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Jun 5, 2016 8:16 AM CST
|On a recent guided tour of gardens near Rome, this one I had most been looking forward to seing: the so-called “Monster Park” at Bomarzo. Its creator, Duke Orsini, in the mid-1500’s employed the same craftsmen who worked on St. Peter’s Basilica in Rome to carve a number of gigantic, bizarre, and horrifying works of art in the sacro bosco (sacred grove) on his country estate. Historians think the Duke had either been sent mad by grief at the loss of his wife or wished to make allegorical statements about the Pope and his cardinals, or perhaps both, but whatever the reason the result is still worth looking at more than 400 years later.
Due to overstaying at our previous garden visit, we were behind schedule, and our bus driver did his best to make up for lost time as we headed towards Bomarzo. We raced through the village, looking for “Sacro Bosco” signs, and then followed a long, winding, narrow road down a wooded hill. When we arrived at an intersection with a major road in the valley we realized we had missed a turning somewhere, so our driver turned the bus around, and we raced back up the hill. Sure enough, on the outskirts of Bomarzo village, we found the turning. Once we arrived at the park, the ticket office gave our tour guide, Susan, a hard time. Normally, a guide is given complimentary admission, but the ticket clerk insisted on charging for Susan as well as her group. Then they refused to issue a receipt, so Susan had to ask us for our cancelled tickets, once we had all passed through the barrier. Unfortunately, unbeknownst to Susan, all the tickets had “€0” printed on the back and so were of no use for her tax records.
With no time to waste, we hurried into the park, which was heavily wooded. We had each been given an information brochure that included a map and a list of the trees and bushes to be found in the wood. The map showed all the famous carvings, but not the paths linking them, and we ended up just following paths at random through the undergrowth. Completely lost, we stumbled upon the first collection of statues: a row of acorns and pinecones about 10ft tall presided over by a gigantic bear, and some female figures with snakes for legs.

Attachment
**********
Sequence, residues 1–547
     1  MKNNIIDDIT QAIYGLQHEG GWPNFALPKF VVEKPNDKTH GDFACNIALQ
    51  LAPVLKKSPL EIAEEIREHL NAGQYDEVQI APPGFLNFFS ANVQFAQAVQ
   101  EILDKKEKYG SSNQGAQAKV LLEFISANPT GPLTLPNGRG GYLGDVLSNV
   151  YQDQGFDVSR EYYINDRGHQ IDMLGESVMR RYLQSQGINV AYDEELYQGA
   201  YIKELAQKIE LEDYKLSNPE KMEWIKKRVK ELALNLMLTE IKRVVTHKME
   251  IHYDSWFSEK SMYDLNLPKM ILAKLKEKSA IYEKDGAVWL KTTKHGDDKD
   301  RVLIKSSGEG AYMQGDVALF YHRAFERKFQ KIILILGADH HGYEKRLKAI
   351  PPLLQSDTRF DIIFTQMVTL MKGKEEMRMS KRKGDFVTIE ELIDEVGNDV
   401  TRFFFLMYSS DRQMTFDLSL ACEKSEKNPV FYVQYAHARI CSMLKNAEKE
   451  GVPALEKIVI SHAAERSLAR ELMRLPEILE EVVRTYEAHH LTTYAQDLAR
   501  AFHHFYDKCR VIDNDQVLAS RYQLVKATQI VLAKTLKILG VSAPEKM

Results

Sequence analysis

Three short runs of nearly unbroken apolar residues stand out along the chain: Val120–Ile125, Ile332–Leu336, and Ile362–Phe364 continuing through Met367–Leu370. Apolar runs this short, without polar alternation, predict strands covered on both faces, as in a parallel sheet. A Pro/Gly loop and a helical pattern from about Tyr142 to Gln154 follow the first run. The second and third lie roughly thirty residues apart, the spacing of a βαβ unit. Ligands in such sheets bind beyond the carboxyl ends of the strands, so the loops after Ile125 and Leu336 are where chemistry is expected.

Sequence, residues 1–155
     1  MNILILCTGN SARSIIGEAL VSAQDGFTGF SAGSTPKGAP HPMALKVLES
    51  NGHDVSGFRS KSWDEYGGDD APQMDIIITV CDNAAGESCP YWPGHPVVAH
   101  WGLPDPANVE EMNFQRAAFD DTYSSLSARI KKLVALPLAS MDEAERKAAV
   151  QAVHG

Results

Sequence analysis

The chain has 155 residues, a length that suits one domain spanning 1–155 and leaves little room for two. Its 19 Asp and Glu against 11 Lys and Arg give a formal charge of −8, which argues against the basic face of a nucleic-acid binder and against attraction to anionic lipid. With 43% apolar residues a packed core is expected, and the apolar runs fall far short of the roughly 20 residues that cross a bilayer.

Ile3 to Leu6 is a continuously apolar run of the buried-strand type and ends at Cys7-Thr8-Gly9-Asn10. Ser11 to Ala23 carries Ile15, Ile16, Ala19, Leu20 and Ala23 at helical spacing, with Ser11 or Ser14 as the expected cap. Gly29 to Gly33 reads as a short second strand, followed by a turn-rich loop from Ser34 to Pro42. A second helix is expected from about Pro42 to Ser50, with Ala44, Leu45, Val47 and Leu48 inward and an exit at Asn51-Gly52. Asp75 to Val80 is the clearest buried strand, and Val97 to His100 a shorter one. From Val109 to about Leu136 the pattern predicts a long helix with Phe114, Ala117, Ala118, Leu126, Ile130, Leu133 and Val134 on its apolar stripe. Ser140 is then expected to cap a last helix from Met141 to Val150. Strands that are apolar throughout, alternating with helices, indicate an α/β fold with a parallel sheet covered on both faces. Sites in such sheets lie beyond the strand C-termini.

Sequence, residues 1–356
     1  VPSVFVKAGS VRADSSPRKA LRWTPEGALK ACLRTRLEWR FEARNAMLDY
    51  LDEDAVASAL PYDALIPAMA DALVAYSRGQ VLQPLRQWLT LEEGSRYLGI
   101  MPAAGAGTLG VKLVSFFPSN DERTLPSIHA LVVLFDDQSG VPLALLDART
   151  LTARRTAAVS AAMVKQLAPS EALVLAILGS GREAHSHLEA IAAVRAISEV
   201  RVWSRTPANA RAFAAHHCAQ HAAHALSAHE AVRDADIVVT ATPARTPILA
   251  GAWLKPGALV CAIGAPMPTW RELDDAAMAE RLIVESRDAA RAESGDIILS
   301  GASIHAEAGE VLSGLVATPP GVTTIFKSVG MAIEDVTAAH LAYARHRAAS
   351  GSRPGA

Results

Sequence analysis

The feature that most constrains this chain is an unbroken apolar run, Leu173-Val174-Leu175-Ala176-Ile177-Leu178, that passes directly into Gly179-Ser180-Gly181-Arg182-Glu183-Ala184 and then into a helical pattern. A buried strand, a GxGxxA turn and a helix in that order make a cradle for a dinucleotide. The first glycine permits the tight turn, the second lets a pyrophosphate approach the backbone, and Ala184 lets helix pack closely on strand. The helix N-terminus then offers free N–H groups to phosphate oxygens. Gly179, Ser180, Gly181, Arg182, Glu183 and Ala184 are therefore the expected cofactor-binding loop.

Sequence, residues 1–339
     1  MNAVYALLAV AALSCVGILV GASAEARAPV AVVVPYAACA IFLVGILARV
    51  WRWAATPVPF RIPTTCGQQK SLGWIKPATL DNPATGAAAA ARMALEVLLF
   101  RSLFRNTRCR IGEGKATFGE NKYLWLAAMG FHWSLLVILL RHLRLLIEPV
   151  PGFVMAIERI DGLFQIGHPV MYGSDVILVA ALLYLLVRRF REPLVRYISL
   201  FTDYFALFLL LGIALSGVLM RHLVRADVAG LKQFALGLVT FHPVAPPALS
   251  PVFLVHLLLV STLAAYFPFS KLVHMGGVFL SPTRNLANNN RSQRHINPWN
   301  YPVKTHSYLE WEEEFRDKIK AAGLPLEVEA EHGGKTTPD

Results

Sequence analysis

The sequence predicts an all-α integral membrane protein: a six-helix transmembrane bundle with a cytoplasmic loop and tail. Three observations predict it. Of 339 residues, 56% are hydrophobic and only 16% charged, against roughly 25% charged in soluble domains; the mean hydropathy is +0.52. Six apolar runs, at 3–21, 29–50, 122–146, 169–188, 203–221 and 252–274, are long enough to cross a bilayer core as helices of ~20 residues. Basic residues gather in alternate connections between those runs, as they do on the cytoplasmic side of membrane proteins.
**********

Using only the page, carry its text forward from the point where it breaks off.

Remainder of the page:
After that, we discovered hidden in the bushes Hannibal’s elephant crushing a Roman soldier, an open mouth with a picnic table for a tongue, a dragon, and a huge woman with a flower pot on her head.
The leaning house, built against a hillside, invited us into its top room to experience the disorientation of what looked like a level floor in fact being inclined. It had us reeling about as if we were drunk. The angle of tilt only became obvious when we saw the whole house from the side.
Beyond the house, we encountered a giant tearing someone in half, a huge turtle carrying a statue, and a monstrous mouth.
In complete contrast, the temple that the Count built in memory of his late wife had nothing grotesque about it.
We didn’t see all the sculptures or identify most of the trees, as we ran out of time. It took a while to find our way back through the woods to the entrance, but we made it out before the park closed, and we didn’t lose anyone. Rounding up lost visitors must be a daily chore for the park staff.
Jun 5, 2016 8:24 AM CST
|The list of trees and bushes to be found in the wood is as follows:
Ficus carica domestica
Prunus cerasifera var. pissardii
Rosa (tea roses)
Jun 6, 2016 8:43 AM CST
|Wow, those statues are just downright bizarre, yet very cool (and impressive in size). I've never heard of that place, if I ever get to Italy, that garden would figure high on my itinerary list. Thanks for sharing.
Nothing that's been done can ever be changed.
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